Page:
A Monday story in Roll Call reports that Sen. John McCain, R-Arizona has called for cutting off foreign aid to Central American countries from where the influx of illegal aliens, many of them unaccompanied children, are coming, as well as Mexico. This move would motivate those countries to cut off the flow of illegal immigrants and secure their own borders. The illegal immigrants are primarily coming from Honduras, El Salvador and Guatemala and are being allowed to move freely through Mexico to get to the United States.
The remarkable aspect of this statement is that it comes from a senator who is a warm supporter of comprehensive immigration reform, which includes a path to citizenship. Hot Air speculates that McCain has decided that the border crisis has made immigration reform too toxic to advance, hence the senator’s turn toward being a border hawk. His statement comes when President Obama is asking Congress for an emergency appropriation of $2 billion to deal with the border crisis.
The influx of illegal immigrants, said to be motivated by violence and economic turmoil in their own countries, as well as the belief that they will be allowed to stay in the United States, has caused chaos along the southern border. It has also caused ugly scenes such as has occurred in the town of Murrieta, California where protestors have blocked buses filled with immigrants that the federal government is attempted to the local Border Patrol station from overcrowded facilities in Texas.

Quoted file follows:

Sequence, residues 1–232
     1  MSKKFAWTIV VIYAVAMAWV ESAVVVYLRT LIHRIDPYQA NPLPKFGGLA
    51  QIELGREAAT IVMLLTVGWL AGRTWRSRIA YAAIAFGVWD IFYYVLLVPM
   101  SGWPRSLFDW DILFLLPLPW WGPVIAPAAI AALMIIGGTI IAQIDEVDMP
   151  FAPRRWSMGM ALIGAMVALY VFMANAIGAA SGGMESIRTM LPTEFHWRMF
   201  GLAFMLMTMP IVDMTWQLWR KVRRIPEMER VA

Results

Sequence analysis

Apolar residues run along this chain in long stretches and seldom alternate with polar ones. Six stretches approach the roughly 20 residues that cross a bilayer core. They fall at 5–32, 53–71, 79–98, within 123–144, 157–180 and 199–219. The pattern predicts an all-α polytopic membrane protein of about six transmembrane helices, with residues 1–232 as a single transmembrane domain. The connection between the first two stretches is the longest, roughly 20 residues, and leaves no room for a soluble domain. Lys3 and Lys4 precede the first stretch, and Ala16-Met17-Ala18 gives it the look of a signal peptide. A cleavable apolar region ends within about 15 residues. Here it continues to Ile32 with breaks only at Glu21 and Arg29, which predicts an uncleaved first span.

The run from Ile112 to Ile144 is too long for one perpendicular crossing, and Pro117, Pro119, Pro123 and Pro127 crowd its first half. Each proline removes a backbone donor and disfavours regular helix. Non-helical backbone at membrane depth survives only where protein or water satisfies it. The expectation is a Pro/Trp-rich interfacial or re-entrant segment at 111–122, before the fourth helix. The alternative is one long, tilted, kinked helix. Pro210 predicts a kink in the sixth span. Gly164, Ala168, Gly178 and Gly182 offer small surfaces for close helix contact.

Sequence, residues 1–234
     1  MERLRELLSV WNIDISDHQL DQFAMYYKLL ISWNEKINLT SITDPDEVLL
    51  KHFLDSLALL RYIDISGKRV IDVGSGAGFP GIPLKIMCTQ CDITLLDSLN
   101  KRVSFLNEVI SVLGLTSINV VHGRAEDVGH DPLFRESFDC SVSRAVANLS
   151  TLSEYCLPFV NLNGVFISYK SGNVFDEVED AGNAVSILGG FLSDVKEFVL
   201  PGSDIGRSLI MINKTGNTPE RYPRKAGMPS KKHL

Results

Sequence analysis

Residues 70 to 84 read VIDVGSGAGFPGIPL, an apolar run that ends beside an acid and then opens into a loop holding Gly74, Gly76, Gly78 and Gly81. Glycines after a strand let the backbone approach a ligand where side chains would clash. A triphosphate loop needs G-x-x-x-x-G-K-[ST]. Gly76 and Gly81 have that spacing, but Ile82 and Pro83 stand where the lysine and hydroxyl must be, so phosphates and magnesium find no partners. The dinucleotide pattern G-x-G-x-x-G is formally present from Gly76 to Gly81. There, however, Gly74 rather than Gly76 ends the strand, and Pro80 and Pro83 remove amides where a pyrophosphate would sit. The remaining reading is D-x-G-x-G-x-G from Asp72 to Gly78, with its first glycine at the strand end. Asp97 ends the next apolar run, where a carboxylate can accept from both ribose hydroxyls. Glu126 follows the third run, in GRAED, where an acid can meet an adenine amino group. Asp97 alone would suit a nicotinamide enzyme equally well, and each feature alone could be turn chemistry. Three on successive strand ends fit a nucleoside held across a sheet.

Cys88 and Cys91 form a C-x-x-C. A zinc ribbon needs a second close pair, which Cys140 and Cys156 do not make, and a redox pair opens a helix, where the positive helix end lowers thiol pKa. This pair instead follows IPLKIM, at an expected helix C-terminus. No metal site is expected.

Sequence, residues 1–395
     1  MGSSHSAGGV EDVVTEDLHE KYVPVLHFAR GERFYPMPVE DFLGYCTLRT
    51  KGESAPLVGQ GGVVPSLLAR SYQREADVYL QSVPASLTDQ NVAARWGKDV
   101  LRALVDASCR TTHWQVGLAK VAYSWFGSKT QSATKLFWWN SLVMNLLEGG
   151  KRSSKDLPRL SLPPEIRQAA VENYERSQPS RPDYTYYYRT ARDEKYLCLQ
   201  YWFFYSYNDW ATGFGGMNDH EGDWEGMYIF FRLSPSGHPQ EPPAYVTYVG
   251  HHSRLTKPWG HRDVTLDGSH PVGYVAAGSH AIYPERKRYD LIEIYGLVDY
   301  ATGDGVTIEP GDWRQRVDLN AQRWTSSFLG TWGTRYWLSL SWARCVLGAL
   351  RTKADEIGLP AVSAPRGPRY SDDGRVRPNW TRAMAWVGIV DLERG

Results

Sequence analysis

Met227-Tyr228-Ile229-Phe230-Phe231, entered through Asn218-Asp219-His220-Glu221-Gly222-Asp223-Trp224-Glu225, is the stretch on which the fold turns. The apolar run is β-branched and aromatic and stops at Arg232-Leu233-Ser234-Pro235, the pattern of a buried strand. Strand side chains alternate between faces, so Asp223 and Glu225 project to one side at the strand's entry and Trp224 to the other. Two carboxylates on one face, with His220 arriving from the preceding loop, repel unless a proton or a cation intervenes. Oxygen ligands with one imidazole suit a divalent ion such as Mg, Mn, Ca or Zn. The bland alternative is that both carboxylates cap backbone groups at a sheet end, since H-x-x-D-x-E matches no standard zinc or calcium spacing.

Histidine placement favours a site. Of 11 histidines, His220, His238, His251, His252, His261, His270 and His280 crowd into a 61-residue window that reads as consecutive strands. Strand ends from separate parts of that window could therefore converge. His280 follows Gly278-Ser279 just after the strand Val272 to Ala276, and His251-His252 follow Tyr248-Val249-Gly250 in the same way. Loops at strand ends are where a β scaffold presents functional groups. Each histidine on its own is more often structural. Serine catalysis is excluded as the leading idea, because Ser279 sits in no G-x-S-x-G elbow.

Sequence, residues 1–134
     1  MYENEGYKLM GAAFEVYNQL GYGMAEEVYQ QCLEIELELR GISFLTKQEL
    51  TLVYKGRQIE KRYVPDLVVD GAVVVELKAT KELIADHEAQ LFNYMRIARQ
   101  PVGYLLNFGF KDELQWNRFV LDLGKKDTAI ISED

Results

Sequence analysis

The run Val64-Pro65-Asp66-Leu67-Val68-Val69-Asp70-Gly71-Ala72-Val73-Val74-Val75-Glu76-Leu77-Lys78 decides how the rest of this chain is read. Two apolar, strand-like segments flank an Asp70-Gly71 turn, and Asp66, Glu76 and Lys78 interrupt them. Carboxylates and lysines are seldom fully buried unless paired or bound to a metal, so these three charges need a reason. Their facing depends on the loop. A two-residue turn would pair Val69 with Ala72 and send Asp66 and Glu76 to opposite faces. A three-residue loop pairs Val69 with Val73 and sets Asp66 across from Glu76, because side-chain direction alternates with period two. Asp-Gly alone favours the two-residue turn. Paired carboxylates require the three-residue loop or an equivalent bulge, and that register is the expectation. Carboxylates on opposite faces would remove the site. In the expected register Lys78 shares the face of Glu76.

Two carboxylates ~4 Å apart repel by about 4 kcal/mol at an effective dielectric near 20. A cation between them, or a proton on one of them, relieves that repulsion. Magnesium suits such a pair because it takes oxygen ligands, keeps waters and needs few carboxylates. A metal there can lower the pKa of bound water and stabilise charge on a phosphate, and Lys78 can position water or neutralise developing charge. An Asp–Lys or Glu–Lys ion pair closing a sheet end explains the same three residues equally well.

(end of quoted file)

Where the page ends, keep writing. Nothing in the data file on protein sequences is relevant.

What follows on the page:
How McCain’s sudden turn will affect the politics of illegal immigration is open to speculation. He may get the $2 billion he is asking for, but it is likely to come with some strings attached. McCain’s idea of cutting off foreign aid may be just one provision the president may have to swallow. Republicans and some Democrats will likely insist on stepped up border security, to the extent of deploying the National Guard to buttress the Border Patrol until the flood of illegal aliens is stemmed and those who have made it across are returned to their home countries.